It wasn’t planned that way, but 2015 fifth-round draft pick Jesse James has spent the majority of his career functioning as the Pittsburgh Steelers’ top tight end, leading the position in snaps, targets, receptions, receiving yards, and touchdowns in both 2016 and 2017. This is in spite of the fact that the team acquired veteran tight ends in each year to be starters.
But the Penn State product hasn’t actually solidified himself as a starter. Rather, he’s been a prolific spot starter due to injury, first because of Ladarius Green and then because of Vance McDonald. The latter remains with the team and figures to take over as the top tight end in 2018.
So what does the 2018 season mean for James? How much is riding on it? Does the Steelers’ salary cap situation and the fact that his base salary is nearly $2 million this year thanks to the Proven Performance Escalator possibly even put his roster spot in jeopardy?
The team traded for McDonald last year because they were unhappy with what they had available to them at the position from the top on down, and James at the time was the one on the top. The other primary tight ends were Xavier Grimble and David Johnson, the latter being the one to lose his roster spot. Jake McGee spent the year on the practice squad and is still with the team.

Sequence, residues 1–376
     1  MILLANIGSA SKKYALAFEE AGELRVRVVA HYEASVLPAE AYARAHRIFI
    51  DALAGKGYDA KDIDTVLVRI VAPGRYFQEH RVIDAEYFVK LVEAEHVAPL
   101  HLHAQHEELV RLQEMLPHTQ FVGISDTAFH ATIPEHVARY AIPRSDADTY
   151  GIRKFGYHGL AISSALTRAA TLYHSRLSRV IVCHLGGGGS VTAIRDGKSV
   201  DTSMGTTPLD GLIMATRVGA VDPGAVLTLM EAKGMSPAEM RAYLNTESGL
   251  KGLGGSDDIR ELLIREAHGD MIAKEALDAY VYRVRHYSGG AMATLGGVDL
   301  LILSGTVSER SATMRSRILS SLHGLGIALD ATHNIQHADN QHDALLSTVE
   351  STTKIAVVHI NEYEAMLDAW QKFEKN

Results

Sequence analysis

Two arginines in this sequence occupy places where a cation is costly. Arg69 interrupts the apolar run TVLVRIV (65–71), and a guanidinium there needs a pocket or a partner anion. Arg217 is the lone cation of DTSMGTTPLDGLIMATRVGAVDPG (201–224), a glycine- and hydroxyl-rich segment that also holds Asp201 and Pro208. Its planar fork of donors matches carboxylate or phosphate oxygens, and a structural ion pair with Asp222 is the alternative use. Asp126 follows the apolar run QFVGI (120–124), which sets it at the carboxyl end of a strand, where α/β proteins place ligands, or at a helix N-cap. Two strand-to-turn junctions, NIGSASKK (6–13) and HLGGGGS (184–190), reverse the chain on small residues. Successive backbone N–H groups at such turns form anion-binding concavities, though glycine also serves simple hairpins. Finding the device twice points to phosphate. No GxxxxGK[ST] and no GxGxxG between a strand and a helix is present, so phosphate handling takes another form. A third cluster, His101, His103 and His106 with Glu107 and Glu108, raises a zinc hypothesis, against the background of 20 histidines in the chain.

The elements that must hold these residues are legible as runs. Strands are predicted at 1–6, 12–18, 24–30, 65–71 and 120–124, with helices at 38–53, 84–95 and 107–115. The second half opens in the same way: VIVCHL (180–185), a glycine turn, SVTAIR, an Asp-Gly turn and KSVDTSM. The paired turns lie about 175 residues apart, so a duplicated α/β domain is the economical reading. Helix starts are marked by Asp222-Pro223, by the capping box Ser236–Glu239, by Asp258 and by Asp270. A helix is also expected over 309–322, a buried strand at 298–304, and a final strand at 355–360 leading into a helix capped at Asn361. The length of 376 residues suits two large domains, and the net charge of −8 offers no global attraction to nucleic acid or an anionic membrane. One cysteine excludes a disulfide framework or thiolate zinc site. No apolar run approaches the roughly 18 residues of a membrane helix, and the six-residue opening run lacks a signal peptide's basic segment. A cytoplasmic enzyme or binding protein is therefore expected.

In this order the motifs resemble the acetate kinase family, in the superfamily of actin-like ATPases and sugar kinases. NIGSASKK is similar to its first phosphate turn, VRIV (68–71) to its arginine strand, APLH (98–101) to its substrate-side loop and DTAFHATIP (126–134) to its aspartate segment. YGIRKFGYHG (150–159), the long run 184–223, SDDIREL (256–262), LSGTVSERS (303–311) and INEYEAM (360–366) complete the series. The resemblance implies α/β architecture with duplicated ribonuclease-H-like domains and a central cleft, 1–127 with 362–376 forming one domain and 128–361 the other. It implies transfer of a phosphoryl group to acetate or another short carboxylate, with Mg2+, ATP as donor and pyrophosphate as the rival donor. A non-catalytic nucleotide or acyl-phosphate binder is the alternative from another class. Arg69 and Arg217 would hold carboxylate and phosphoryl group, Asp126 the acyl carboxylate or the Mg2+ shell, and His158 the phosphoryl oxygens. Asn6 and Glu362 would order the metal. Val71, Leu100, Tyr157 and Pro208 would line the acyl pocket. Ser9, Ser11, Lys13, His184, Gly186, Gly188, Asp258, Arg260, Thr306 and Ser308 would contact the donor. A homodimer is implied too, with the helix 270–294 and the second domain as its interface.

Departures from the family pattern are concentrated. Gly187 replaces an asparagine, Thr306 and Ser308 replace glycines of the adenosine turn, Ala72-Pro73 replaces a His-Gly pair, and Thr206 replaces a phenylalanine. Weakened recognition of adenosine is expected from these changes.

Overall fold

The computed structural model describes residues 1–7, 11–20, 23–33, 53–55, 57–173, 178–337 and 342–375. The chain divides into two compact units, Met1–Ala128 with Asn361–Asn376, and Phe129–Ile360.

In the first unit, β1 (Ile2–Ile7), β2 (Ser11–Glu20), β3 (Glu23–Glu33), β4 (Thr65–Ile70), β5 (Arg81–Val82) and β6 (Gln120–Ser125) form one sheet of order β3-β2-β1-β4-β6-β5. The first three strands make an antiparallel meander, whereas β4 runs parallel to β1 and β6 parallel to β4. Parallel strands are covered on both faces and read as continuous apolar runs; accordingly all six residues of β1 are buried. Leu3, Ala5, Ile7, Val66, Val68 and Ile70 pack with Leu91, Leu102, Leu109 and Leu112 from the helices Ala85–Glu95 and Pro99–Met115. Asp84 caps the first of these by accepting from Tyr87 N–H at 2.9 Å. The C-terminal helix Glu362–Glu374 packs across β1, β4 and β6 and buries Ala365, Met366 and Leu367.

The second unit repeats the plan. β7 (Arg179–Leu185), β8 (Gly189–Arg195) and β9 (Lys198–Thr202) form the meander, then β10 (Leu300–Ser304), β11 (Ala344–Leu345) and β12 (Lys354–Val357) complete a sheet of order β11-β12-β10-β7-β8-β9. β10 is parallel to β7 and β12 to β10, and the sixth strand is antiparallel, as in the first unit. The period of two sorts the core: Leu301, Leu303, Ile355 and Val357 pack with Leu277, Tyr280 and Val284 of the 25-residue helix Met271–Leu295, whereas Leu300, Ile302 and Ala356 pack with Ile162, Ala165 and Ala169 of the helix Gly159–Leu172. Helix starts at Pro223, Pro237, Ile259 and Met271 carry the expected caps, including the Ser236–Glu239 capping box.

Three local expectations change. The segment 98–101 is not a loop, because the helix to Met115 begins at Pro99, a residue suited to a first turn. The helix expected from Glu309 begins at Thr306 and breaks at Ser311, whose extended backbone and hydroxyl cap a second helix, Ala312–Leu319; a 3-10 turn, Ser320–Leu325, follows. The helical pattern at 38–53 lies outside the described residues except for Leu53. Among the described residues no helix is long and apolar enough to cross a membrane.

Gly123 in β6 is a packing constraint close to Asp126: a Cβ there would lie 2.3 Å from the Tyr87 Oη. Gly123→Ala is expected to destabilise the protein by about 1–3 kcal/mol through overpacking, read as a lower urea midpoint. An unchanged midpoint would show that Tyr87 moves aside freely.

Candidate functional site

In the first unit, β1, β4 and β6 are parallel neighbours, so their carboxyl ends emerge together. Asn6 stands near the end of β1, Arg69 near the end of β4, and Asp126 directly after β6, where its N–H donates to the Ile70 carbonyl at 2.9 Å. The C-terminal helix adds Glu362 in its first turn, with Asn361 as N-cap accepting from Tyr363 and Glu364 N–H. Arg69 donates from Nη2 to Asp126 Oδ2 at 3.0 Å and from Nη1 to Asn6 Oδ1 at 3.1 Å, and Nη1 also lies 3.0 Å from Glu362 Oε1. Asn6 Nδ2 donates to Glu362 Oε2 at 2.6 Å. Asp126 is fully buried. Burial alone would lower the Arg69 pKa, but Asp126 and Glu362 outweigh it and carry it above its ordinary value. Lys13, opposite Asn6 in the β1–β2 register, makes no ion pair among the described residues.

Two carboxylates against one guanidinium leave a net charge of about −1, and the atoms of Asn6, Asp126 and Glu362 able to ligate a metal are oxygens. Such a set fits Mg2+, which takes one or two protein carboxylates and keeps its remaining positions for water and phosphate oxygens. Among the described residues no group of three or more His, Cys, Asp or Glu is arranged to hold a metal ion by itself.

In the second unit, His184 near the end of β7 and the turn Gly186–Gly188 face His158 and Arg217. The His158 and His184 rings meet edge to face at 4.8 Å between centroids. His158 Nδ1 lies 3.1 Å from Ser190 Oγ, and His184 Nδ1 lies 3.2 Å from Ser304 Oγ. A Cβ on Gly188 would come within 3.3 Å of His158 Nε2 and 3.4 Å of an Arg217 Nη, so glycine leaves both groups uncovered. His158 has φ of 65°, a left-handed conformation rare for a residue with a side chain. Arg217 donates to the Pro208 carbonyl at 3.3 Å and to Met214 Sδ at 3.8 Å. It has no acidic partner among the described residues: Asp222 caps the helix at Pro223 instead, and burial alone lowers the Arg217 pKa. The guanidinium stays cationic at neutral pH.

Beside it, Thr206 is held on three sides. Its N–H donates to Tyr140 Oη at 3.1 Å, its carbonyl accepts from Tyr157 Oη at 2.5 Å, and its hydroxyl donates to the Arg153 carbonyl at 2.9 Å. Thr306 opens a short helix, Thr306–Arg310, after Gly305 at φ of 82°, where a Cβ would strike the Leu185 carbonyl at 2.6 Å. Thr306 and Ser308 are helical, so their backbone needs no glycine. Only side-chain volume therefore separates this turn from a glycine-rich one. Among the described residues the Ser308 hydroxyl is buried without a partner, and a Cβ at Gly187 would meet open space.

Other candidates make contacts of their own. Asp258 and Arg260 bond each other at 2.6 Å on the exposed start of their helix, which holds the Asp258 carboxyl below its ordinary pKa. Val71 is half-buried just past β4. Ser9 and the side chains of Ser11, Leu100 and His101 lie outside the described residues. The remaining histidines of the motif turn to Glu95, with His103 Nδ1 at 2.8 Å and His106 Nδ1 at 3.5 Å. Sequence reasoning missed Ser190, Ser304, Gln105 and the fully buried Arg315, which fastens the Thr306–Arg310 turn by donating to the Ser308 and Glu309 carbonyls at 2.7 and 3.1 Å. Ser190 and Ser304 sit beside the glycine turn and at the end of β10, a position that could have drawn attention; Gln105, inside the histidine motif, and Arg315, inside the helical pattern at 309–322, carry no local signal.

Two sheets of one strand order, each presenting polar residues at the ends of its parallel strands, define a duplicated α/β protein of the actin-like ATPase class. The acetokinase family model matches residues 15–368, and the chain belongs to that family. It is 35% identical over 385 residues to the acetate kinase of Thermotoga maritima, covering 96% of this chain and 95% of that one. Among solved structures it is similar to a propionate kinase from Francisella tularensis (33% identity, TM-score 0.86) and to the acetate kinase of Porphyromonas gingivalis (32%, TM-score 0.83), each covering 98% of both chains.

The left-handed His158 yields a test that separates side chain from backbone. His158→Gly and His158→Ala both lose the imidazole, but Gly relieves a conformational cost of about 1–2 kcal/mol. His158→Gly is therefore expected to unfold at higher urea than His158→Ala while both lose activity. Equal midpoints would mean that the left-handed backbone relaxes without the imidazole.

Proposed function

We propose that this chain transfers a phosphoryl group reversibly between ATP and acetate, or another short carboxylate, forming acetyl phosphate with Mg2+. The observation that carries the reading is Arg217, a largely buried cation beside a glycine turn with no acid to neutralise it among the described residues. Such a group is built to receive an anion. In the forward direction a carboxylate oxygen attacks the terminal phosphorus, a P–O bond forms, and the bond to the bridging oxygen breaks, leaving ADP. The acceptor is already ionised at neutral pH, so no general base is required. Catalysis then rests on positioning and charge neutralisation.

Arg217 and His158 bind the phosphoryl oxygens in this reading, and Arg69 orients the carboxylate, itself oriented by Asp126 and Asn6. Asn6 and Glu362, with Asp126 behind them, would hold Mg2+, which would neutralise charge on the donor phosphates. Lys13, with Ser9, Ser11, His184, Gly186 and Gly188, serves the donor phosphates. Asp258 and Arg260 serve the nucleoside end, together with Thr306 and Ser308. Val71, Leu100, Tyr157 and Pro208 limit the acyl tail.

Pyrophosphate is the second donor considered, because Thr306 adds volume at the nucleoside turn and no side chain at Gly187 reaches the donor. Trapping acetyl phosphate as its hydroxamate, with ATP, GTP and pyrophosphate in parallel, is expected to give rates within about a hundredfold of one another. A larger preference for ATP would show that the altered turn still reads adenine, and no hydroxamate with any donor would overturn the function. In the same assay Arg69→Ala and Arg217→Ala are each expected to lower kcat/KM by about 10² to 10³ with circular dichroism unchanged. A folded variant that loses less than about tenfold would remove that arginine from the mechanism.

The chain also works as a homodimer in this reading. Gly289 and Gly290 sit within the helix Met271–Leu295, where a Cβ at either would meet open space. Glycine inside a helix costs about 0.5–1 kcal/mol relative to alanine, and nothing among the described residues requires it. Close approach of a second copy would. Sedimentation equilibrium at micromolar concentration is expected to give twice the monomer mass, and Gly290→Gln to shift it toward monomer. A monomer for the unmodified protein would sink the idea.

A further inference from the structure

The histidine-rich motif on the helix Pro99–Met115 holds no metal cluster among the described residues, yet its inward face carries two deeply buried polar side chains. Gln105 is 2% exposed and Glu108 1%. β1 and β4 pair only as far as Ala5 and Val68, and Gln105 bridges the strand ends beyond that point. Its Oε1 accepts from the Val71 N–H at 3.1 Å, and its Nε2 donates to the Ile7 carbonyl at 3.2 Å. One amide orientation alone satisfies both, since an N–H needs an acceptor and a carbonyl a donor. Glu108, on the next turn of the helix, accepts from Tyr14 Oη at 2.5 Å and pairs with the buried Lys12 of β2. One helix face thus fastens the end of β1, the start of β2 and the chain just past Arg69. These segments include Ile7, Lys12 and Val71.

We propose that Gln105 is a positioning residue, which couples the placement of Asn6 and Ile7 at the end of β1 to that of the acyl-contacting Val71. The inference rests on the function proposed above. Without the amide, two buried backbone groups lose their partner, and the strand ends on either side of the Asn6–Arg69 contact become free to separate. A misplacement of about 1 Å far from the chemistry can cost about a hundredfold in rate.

It would be a big gamble to go into the season with an injury-prone player and then a pair of backups who have done little, so I think it would be a surprise to say the least if James doesn’t end up making the roster. But beyond that? I’m not sure there is much in the way of guarantees.
The Outlaw’s career has been workmanlike but inconsistent in terms of results. He makes the occasional play, but the numbers don’t lie, and his 8.7 yards per reception in each of the past two seasons is a hard pill to swallow. He has recorded 90 receptions for 766 yards and seven touchdowns during his career.
The Steelers have chipped away at his blocking responsibilities. Especially when McDonald was healthy and up on the offense late in the season, James’ playing time really took a hit. It’s certainly reasonable to conceive that he could continue to lose footing.
I’m not one to want to run anybody out of town, but I do think he is in a bit of a delicate position regarding his future. Entering the final year of his contract, I don’t think he will be in line for an extension, and it wouldn’t be surprising to see the team address the tight end position early in the draft next year.
If he a long-term quality number two tight end? I think that is what he needs to show this season, or he could find himself bumped someday the way Johnson was last year.